Here, we’ve compiled a list of the best Deborah Mailman Quotes. Let’s look at these pieces of wisdom. We definitely have something to learn from them!
If I look at the one thorn that is in my side, of all my life, it is my weight. I fret about it, I’m anxious about it, being an actor on television – it drives me insane. It just seems to be something that plays a central part in waking up in the morning and thinking, ‘How am I with myself today?’
People understand about family; people understand about being in situations where you have to be brave. People get falling in love.
If there’s one thing I could wish for right now, it would be to have one of those horses from the merry-go-round – they were the most exciting thing to go on as a kid.
There is that idea of seeming crazy when you’re seeing spirits or you’re seeing dead people, you know what I mean? There’s a certain sort of stigma, a sort of kookiness, when it comes to that.
I have worked with a lot of really great women directors: Ana Kokkinos; Cate Shortland, who just recently directed a film called ‘Lore;’ another director, Rachel Perkins – she’s an Aboriginal director, and I’ve worked with her three times now, and she gave me my first film role, actually, back in 1997.
My school friends thought I was outgoing and bubbly, but that masked a lot of insecurities, and maybe that’s the reason I chose drama – to build a bit of self-confidence. I had a great teacher, and I won a few speech and drama competitions and just fell in love with it.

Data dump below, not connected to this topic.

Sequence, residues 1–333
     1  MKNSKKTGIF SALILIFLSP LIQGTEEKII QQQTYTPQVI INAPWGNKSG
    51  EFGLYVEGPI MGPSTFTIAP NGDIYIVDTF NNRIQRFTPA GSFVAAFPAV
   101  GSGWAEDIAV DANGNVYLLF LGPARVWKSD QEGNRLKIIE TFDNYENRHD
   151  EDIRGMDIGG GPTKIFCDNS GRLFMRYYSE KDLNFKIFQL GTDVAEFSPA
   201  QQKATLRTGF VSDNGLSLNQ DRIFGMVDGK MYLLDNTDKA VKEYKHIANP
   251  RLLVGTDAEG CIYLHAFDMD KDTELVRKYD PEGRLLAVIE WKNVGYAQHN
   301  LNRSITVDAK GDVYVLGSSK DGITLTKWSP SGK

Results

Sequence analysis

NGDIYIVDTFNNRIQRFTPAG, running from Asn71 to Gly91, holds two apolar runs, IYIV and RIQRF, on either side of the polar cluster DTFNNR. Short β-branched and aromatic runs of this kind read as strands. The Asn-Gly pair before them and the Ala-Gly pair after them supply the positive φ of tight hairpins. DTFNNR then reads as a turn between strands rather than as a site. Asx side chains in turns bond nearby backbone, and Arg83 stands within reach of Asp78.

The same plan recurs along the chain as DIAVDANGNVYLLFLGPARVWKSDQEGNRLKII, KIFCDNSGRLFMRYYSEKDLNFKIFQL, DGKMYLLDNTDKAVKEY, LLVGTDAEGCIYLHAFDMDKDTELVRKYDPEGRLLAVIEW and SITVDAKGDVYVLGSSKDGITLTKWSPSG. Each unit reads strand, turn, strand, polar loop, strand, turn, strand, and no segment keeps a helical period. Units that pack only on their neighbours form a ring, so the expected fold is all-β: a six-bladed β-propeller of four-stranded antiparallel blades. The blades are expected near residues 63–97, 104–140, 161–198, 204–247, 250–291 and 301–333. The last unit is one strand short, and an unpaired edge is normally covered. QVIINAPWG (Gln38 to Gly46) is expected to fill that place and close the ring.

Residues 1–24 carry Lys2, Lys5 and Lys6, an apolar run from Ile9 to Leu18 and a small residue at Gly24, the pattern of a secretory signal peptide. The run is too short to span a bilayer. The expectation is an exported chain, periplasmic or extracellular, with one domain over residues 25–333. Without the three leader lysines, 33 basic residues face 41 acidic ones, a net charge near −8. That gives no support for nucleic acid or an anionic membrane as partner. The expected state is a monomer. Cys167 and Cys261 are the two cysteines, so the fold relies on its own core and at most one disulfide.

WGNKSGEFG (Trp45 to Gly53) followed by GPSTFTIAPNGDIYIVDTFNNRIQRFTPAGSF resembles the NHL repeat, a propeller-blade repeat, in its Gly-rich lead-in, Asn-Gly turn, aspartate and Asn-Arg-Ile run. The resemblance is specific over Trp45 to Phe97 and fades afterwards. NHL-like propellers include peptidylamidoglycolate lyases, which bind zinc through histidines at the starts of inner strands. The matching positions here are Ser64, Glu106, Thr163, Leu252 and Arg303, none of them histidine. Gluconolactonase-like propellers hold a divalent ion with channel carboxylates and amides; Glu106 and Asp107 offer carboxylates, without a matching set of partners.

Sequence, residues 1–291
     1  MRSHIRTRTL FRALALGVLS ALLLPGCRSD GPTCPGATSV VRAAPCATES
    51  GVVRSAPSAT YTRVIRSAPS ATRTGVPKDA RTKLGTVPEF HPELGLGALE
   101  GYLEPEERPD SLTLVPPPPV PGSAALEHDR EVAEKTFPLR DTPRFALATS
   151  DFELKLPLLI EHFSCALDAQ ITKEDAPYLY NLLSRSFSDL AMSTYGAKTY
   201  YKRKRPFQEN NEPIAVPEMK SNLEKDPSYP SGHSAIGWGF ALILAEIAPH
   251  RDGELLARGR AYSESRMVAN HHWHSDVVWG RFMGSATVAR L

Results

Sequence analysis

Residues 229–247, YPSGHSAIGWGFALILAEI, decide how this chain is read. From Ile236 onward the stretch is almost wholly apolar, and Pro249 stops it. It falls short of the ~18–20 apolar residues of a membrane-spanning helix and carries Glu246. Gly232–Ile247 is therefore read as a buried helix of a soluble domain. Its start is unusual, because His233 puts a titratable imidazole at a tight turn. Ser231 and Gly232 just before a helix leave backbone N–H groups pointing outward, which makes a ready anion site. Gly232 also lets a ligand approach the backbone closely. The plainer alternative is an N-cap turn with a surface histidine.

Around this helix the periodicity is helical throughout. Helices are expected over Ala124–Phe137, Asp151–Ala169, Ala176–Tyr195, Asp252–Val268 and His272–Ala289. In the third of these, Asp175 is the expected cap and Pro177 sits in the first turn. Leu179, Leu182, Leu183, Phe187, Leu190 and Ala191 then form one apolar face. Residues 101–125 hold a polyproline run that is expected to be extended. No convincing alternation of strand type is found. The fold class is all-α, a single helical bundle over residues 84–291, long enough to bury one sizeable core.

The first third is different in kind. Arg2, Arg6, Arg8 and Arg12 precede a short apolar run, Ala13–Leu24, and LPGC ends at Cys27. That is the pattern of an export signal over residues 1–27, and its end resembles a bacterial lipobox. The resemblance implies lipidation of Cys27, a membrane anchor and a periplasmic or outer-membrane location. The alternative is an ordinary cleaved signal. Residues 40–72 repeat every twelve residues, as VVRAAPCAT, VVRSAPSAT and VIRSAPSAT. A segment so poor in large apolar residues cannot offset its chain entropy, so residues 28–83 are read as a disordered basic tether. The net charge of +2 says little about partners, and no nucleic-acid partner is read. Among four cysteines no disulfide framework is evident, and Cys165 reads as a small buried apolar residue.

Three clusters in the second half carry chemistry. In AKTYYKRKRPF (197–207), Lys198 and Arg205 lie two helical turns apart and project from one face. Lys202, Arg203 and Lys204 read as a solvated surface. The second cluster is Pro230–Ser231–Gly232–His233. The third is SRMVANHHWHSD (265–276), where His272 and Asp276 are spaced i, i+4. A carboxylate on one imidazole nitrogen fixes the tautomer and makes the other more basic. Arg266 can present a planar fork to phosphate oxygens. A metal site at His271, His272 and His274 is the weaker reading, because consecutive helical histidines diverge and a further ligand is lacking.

I guess there’s this mind shift that happens once you’re on stage. I don’t know, chemicals, something happens and you just… I just become completely in control of where I am. And it’s all about trusting the people that you’re on the stage with, listening… and it just falls into place really easily.
The Australian film industry is a small industry, so you have to really be flexible within working in different mediums. A lot of actors work in theater, film, and television, because there’s not much opportunity in terms of employment there.
I’m not a hugely social person. Obviously there’s a big part of the job that requires that as actors, but it’s not the most comfortable for me. I’m a homebody. I don’t go out. My life is work and family. There’s not a lot in between. That’s how I like it.
I’m not a girly girl, never have been. I really admire those who love to frock up.
About Grade 9 and Grade 10, I had a fantastic drama teacher, and it was one of the first subjects I actually felt that I was good at. I wasn’t a mathematician. Didn’t like science, any of those subjects. English and Drama were the two subjects that I loved and felt that I was good at.
Some people think that there aren’t many Aboriginal actors around, and if there are, they’re not that good. It’s stupid. There’s such an incredible pool of talent out there, and they’re still coming out of drama schools. People just need to take a leap of faith.
Motherhood is wonderful, but it’s also hard work. It’s the logistics more than anything. You discover you have reserves of energy you didn’t know you had.
I grew up with horses and cattle, running around on dirt hills with this real sense of space. We didn’t have neighbours – well, the nearest ones were kilometres away.
When I see a role I want, I fight for it.
I was big as a kid, very overweight. That caused a lot of insecurities for me growing up, and on top of that, I didn’t like the idea of big crowds. I found it quite frightening. I enjoy the company of people who I know, and I’m probably still like that today.
Both ‘Mabo’ and ‘The Sapphires’ have been significant roles because it’s about my people. They are celebratory stories, on top of allowing people to understand our history.